In this edition, we’ll explore perspectives from two generations regarding the development of people. We asked Generation X tax supervisor David Cumberland, born in 1971, and Millennial staff accountant Colleen Bankuty, born in 1986, from Sarasota, Fla.-based Kerkering Barberio to answer the following question:

“What more can Baby Boomers do to develop younger team members?”



First, Baby Boomers can acknowledge the differences between generations and individuals. Working to identify the particular areas where individuals don’t see eye to eye can help ensure that the development approach is suited to the people involved, regardless of generation. By having an understanding of younger generations’ viewpoints, perceptions, and work styles, Baby Boomers can better adapt their approaches to developing younger generations. This leads to a more positive impact on the firm and the profession.

Communication is also key. An understanding of how each younger generation communicates and prefers to be communicated with can help Baby Boomers guide and develop them. Younger generations are expecting more frequent, informal performance reviews. They’re more likely to ask “Why?” and Baby Boomers should be ready to respond to these inquiries.

Baby Boomers also have to accept that the days of working for a single company upon entering the workforce until retirement are long past. Younger generations are more focused on how an organization supports their personal and career growth goals and how it impacts the community.

Baby Boomers can also develop younger individuals by assisting them in identifying and clarifying their professional and personal goals. Providing support, encouragement, and time to pursue these goals will help to keep younger generations engaged at their firms longer and more fruitfully.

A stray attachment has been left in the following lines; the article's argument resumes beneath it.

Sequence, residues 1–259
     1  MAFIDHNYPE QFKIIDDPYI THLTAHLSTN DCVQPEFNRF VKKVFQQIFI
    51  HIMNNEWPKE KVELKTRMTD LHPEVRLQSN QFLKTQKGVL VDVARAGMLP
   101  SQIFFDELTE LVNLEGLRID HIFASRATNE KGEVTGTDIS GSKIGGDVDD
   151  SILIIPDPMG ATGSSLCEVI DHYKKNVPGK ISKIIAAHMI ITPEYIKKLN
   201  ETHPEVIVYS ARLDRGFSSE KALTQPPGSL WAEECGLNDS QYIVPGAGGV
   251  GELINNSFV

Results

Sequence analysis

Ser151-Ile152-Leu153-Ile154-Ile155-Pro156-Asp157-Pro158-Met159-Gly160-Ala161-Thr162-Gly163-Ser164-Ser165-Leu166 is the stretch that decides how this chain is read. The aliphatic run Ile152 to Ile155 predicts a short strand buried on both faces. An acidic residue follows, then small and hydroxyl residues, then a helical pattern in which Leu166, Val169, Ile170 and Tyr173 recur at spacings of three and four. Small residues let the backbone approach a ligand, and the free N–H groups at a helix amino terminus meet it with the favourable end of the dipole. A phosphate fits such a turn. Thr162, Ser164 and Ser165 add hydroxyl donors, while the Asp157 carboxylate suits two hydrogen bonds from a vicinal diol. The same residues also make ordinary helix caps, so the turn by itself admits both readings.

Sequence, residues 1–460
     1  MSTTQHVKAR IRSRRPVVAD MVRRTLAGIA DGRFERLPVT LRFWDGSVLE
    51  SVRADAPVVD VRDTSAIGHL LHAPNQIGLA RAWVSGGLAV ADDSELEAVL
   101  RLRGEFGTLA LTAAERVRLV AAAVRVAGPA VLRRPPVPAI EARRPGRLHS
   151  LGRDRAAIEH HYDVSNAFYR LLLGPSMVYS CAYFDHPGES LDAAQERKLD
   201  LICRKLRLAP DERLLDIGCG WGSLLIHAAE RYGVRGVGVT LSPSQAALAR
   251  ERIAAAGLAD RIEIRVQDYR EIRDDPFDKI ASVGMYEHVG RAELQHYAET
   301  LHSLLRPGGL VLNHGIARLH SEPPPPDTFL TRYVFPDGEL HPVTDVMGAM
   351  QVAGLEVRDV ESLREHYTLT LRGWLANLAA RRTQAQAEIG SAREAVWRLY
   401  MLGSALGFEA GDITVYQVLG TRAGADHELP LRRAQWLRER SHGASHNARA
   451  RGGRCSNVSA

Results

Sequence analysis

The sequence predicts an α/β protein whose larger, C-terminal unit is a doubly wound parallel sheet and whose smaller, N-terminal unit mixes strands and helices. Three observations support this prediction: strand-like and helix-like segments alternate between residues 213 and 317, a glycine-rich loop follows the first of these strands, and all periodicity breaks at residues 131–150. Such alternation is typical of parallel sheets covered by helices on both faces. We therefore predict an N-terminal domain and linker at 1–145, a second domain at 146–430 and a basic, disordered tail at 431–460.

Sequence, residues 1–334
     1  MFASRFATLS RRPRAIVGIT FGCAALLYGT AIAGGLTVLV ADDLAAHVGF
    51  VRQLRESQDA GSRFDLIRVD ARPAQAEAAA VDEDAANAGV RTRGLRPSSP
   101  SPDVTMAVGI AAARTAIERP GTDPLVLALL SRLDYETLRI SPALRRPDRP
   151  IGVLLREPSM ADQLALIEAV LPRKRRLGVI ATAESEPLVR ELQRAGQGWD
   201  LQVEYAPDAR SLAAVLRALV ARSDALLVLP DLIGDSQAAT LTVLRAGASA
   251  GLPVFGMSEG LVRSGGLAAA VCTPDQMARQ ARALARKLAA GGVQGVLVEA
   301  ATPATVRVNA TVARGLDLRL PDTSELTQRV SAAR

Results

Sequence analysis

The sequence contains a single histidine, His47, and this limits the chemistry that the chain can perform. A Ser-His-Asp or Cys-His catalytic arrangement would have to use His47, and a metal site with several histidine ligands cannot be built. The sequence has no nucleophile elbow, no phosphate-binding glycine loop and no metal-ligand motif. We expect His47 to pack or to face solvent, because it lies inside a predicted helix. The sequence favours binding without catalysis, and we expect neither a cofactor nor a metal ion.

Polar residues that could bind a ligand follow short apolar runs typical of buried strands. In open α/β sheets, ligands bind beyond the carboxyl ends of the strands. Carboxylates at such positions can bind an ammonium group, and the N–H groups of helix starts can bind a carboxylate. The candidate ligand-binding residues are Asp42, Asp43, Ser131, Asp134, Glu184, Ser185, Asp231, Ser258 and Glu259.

Sometimes we feel lost by our lack of experience. Many times, we depend on those with greater experience and knowledge to guide us to the answers we seek. The Baby Boomer generation, with its 30-plus years of experience, is a priceless resource for these developing professionals. The fast-paced environment of public accounting requires various avenues for the delivery of this valuable knowledge and experience.  Many Baby Boomers know this and make a variety of channels available to younger team members from which to learn.

One such channel is direct interaction. This tends to be the most useful for the exchange of pertinent information. For instance, a young professional is working on a project, encounters a challenge, and needs assistance. Who better to ask than those with the most experience? An open-door policy lends itself to this possibility, offering the most direct and immediate exchange of questions and answers.

Another way Baby Boomers can share their knowledge is through team and company meetings. Brainstorming sessions and discussions led by those with the most experience allow for free-flowing exchanges of questions and ideas.

A mentor is a great resource to round out a young person’s professional development. Baby Boomer mentors can offer guidance for the younger team member’s career, work-life balance, networking opportunities, and day-to-day questions.

All of these avenues will add up to the perfect formula for Baby Boomers to lead the Millennial generation on the road to success.

This column is facilitated and edited by Brianna Marth, the Millennial sales and marketing coordinator, and Jennifer Wilson, the Baby Boomer co-founder and partner of ConvergenceCoaching LLC, a leadership and marketing coaching and training and development firm that specializes in helping leaders achieve success. To have your firm’s generational viewpoints considered for a future Accounting Tomorrow column, e-mail

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